Post by Corrine
I was itching for a break from home and work, but Eric has a lot on his plate, I have a lot of home stuff to do, and we have a big trip coming up in July, so I started thinking of a way to get a quick break.
My First Love Doesn’t Love Me
When it comes to outdoor pursuits, backpacking was my first love. From my mid 20s to my mid 30s, I was off hiking in the mountains pretty much every free summer weekend. But then my knees developed arthritis and it became painful to hike, much less hike with a heavy pack. Finally, seven years ago, I had my knees replaced and could hike again.
|October 2015 - Bilateral knee replacement surgery with some complications|
Back when hiking started becoming painful, I started doing more biking and started getting into bikepack endurance racing. It filled my need to be physically active and allowed me to see spectacular areas of the country that I wouldn’t have seen otherwise. After my surgery, I had several bikepack races I still wanted to do, so I continued concentrating on biking. Plus, my feet had developed arthritis (getting old isn’t easy) so carrying a pack was still uncomfortable. Despite that, I still did some backpack trips with Eric, including the spectacular Skyline Trail in Jasper National Park in Canada, but mostly we concentrated on day hikes.
|Skyline Trail - Jasper National Park|
When I began considering a sub-24, bikepacking was out of the question. My bike frame was in Tucson getting repaired. Unbound XL had done a number on it; mud and grit rubbing on the carbon fiber frame had caused several holes. It wasn’t safe to ride so I had shipped it to a company that repairs carbon fiber bikes.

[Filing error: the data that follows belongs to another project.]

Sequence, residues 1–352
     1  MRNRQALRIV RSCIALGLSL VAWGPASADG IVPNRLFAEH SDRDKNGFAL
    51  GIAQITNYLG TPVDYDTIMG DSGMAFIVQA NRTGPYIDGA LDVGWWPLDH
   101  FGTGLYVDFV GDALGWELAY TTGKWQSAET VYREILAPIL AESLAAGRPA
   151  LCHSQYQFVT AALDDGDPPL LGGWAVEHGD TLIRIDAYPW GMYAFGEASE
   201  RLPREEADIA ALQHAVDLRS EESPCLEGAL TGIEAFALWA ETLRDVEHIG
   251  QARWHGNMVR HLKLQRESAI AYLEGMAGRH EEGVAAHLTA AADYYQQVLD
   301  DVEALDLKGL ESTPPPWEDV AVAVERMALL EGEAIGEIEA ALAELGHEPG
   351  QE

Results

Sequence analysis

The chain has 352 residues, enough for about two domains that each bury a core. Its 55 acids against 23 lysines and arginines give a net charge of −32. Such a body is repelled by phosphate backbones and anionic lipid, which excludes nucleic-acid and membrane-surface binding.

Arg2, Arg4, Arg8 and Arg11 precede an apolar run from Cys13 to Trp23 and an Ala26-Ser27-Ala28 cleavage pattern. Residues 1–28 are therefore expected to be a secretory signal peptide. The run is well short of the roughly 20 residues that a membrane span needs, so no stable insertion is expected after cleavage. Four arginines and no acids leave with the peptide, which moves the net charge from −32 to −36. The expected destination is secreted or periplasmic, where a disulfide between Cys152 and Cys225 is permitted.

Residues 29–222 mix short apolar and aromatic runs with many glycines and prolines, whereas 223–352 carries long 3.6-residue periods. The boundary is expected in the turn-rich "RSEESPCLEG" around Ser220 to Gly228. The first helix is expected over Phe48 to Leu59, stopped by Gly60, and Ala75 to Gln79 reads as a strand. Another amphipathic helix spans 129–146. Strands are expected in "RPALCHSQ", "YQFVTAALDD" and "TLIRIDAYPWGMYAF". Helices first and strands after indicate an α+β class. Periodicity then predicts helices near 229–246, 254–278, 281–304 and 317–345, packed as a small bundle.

|Yikes, those holes (in the black circle) are not supposed to be there!|
So, I started thinking of doing a sub-24 as a backpack trip. I immediately thought of the Stiles Creek Cabin. It’s not that far from home. And while we have visited it multiple times on day mountain bike rides and during the Chena River to Ridge race, neither of us had ever spent the night there. And it was available for Friday June 16. So, I booked it.
Sub-24: The Stiles Creek Cabin Part
Doing a sub-24 cabin trip around summer solstice has some distinct advantages. You have time at home for doing other things. You can eat dinner before hitting the trail. Light is not a problem. And you don’t have to gather wood for a fire.
Friday, after doing a variety of other things at home, we packed up, ate dinner, then drove to the trailhead, arriving around 7 PM. We started at the upper Stiles Creek Trailhead, hiking uphill for the first several miles. For rain, we timed it perfectly, as the afternoon thunderstorms had mostly moved through, and we only had a few sprinkles on our seven-mile hike in.
Just Us and 10,000 Friends